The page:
How Cameron and Miliband greeted Hollande

The PM has lost an ally, while the Labour leader has gained one.

In his congratulatory message to François Hollande, Ed Miliband said the words that David Cameron could not: "I know from our conversations in London earlier this year". When the French President-elect (as we can now call him) campaigned in the capital in February, Cameron, having explicitly endorsed Nicolas Sarkozy, chose not to meet him. Miliband, by contrast, had lunch with Hollande in Westminster.

Some are now suggesting that Cameron's refusal to meet the Socialist will curse their relationship (see Douglas Alexander's tweet, below). Comparisons are being made with Bill Clinton and John Major, whom the US President never forgave for seconding Conservative Central Office staff to George Bush Snr's re-election campaign. As I wrote yesterday, however, such talk shouldn't be overdone. The Hollande camp briefed that it wasn't in their candidate's interests to be seen with a British Conservative and that they "understood" Cameron's support for Sarkozy.

Yet the point remains that Cameron has lost an ally, while Miliband has gained one. In his message to Hollande, Miliband said the new President would help Europe to "escape from austerity" and that he had shown that "the centre-left can offer hope and win elections with a vision of a better, more equal and just world". (One might add that Hollande has also shown that an allegedly uncharismatic social democrat can triumph against a flashier opponent.) The Tories are doing their best to spin the line that Hollande is not "anti-austerity" (he has pledged to eliminate France's deficit by 2017, just a year later than Sarkozy did) but they cannot ignore his support for fiscal stimulus and a more balanced approach to deficit reduction. Like Miliband and Ed Balls, he believes that Europe is going "too far, too fast".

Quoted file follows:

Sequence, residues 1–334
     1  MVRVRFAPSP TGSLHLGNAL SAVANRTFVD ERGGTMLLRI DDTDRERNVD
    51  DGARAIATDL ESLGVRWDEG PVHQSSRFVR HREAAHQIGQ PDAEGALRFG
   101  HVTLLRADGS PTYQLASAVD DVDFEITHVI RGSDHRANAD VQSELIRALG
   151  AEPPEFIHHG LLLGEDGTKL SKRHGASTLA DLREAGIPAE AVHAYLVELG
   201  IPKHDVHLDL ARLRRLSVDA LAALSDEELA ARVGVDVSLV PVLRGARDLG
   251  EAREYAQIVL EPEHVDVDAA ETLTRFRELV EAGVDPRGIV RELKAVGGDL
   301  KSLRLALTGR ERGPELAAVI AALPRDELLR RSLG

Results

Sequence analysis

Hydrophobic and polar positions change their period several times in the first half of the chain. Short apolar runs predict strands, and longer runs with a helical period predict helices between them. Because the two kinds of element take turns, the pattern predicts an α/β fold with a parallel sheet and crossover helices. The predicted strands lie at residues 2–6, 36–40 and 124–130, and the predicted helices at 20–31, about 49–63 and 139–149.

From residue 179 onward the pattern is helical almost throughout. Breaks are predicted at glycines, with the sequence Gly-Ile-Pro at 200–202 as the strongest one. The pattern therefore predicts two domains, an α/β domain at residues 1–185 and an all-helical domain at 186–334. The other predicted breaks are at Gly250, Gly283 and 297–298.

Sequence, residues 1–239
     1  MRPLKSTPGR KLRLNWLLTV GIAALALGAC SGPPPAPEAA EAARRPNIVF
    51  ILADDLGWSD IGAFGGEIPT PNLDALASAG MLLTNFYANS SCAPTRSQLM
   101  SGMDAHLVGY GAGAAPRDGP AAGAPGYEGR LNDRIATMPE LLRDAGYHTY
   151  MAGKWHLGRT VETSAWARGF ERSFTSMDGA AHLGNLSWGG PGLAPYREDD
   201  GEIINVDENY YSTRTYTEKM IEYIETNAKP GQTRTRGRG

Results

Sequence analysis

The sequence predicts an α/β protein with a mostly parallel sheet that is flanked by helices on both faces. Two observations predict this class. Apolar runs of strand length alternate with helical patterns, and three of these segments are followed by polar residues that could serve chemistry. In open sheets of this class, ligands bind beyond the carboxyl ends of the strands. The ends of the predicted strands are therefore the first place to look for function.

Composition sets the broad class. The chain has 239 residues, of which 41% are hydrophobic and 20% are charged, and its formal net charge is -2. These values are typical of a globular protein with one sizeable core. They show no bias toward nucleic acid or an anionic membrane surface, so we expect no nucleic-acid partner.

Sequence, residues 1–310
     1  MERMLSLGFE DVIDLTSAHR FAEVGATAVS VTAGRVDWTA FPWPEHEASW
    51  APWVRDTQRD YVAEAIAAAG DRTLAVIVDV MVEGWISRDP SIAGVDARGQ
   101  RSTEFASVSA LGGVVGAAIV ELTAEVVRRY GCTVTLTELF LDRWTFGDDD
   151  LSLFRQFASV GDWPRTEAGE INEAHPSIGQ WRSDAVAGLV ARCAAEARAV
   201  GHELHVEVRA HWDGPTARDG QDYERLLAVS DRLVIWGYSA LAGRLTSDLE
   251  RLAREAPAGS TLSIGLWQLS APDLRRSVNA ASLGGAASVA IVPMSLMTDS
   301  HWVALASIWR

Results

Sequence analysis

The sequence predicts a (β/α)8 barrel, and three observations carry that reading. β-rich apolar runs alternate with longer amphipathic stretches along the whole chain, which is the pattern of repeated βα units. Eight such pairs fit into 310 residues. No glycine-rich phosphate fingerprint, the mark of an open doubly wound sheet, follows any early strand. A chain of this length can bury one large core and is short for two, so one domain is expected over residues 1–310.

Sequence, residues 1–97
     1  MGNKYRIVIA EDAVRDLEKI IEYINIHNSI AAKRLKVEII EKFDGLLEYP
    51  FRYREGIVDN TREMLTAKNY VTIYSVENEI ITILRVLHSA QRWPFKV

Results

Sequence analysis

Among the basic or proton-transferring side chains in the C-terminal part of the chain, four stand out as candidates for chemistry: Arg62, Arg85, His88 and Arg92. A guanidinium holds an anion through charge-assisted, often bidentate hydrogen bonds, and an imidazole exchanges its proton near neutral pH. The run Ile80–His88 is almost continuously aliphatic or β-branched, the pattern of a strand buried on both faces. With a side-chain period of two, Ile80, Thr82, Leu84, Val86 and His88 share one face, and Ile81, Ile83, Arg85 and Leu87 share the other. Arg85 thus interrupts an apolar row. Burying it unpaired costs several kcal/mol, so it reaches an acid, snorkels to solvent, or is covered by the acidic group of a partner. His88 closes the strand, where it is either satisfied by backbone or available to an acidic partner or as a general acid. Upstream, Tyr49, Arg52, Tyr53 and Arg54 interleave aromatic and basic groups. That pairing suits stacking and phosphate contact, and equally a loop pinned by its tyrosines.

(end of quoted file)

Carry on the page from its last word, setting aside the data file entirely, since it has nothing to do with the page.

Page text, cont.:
From the sound of it, Cameron's welcome to Hollande was far blander than Miliband's. "The Prime Minister called President-Elect Hollande this evening and congratulated him on his victory," said a Downing Street spokesman. "They both look forward to working very closely together in the future and building on the very close relationship that already exists between the UK and France".

Whether or not the election of Hollande proves a help or a hindrance to Miliband will largely depend on the effect of his policies on the French economy (including a new 75 per cent rate of income tax) and whether he succeeds in re-negotiating the EU's fiscal compact to include pro-growth measures. Hollande's aides have said that he has "45 days" to achieve the latter aim. The quiet hope among the Tories is that France's economy will nosedive, providing them with a model of what would happen to the UK were voters careless enough to hand Miliband the keys to No. 10.

Ed Miliband with French President-elect François Hollande in Westminster earlier this year. Photograph: Getty Images.

George Eaton is political editor of the New Statesman.

Photo: Getty
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Labour's purge: how it works, and what it means

The total number of people removed will be small - but the rancour will linger. 

Labour has just kicked off its first big wave of expulsions, purging many voters from the party’s leadership rolls. Twitter is ablaze with activists who believe they have been kicked out because they are supporters of Jeremy Corbyn. There are, I'm told, more expulsions to come - what's going on?  Is Labour purging its rolls of Corbyn supporters?